Thursday, November 4, 2010

2010 Harvest

What an incredibly challenging vintage 2010 has turned out to be. From the beginning, nothing about this vintage has been easy. The year started off promising enough with some abnormally warm temperatures in January, February and March that had the valley thinking early harvest. Many vineyards showed early signs of bud break and harvest was on its way. However early spring turned into a summer no-show, where we had a few days of weather over 95 but the majority of the season was spent in the 80s. Not only were temperatures lower but we were also compounded with more rainfall than normal which lead to the possibilities of mildew and rot in the vineyards. Then to cap off the vintage with fruit ripening so slowly harvest was at least three weeks later than in previous years. We brought in the Woody sauvignon blanc, the first fruit of the harvest, on September 16th, three weeks later than it was brought in for 2009. Everything else started to trickle in after the sauv blanc. With picking going into the last week of October it then became a rush against the freezing temperatures at night.

Here's a quick harvest note from Rick -

Typically, I remember something unique or special about almost every vintage, but yikes, I almost do not know where to begin this year.  I made my first home wine in 1976 and my first commercial wine in 1981 and in those 30 plus years I never seen a vintage like this.  Let’s see, we’ve had unseasonably cool weather, more rain than I can remember and an uneven set and yes, we are several weeks late but……………..this is agriculture people; it’s farming!  I grew up with this.  A vintage such as this doesn’t necessarily have anything to do with wine quality and yet, it has everything to do with wine quality.                                                                                                        
 Do I still have your attention?  Good, let me explain.  This year there are going to be incredible grapes grown and wines made; and there will be grapes not fit for harvest and there will be wines dumped down the drain and here’s why.  The best vineyard owners (farmers) will produce extraordinary fruit this year which will subsequently be made into extraordinary wine by the best winemakers.  The best growers did all the right things as the year progressed.  The heavy crop, surely not to ripen, was thinned back to one cluster per shoot no shoulder, laterals were removed and canopy opened allowing needed air movement to prevent rot or mold or mildew.  The best winemakers are doing the same thing in the cellar.  The correct size and shape of tank to ferment in and enough of them, the appropriate method of cap management, when to drop the tank, how much older wood to use this year and the wisdom to realize that less is more!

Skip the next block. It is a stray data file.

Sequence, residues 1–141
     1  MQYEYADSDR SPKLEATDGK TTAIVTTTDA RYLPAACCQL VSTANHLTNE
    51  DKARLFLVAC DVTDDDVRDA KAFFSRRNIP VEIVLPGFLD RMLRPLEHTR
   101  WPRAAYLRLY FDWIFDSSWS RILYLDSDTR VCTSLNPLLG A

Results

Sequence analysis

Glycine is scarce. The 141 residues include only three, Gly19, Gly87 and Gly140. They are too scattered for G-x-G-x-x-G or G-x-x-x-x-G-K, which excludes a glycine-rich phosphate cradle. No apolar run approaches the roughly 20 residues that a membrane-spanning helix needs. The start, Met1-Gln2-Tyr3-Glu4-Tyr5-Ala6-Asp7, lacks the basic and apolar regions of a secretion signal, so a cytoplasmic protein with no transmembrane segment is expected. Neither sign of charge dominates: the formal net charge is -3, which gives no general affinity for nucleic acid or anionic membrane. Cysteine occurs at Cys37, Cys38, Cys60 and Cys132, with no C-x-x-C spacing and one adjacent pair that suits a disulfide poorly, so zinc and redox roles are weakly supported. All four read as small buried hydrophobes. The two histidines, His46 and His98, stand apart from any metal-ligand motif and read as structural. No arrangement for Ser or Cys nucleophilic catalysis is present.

Did someone say cooler vintage? Great, that means more expressively bright fruit, unbelievably dark, inky color and lower alcohols.  Damn, I thought that’s what we have been trying to do for the last decade.  So let’s do it!  
 -Rick Small                              
Everyone I talk to keeps mentioned how this is going to be a difficult vintage. Not only has the farming aspect of things has been difficult but wineries are facing much lower yields than normal. So far many wineries throughout the Walla Walla Valley are commenting that production will be down about 30%. We are no different (we picked roughly 1 to 1.5 tons per acre in our Estate Vineyard) but so far it looks like the vintage has the potential to be a great one. Sugars are lower than they have been in the recent past but the acidity is still high, which in turn will lead to well balanced wines that should have the ability to age longer. Everyone keeps talking about this moving trend to high alcohol wines and how we should move away from them; well like Rick said, this just might be the perfect vintage for that. 


With the craziness of harvest behind us, we are now focusing on getting ready for Autumn Release Weekend. This year we will be pouring in the Reserve House where we'll be featuring a couple new releases, a couple additional older vintage pours and some current releases. Starting the lineup of wines will be the new releases the 2008 Charbonneau Red, the 2009 Estate Barbera and the 2009 Dry Riesling, a special pour of the 2009 Estate Reserve Chardonnay, the 2006 Columbia Valley Merlot the 2005 Estate Red Reserve, the Non-Vintage Red, and a special magnum pour of the 2006 "Artist Series" Cabernet.

Also coming up in November is 20something - the new vintage at The Fremont Studios in Seattle on November 20th from 6:00 to 10:00 pm. Join Thomas Woodley and enjoy a pour of the 2009 Estate Sauvignon Blanc. Visit http://www.thenewvintage.org for tickets and more information.

Join us for a busy Holiday Barrel Tasting Weekend , December 3rd - 5th at the winery. We will be releasing the 2008 "Artist Series" Cabernet. Lisa Snow Lady, the artist for this label, will be on hand to sign prints and bottles over the weekend. Also around will be Chef Paul as he prepares small bites to pair with the wines - marinated lamb, roasted veggies, tapenades and a few other spreads are always winery staff favorites. For copies of the recipes visit our website www.woodwardcanyon.com. Rick will be baking bread once again to serve with some of Chef Paul's spreads. Also on hand, Paul Gregutt, author of Washington Wines and Wineries: 2nd Edition, will be around to sign copies on Saturday, December 4th from 12:30 to 2:30 pm.  
  
See you at the winery!
Cheers!


-Shari

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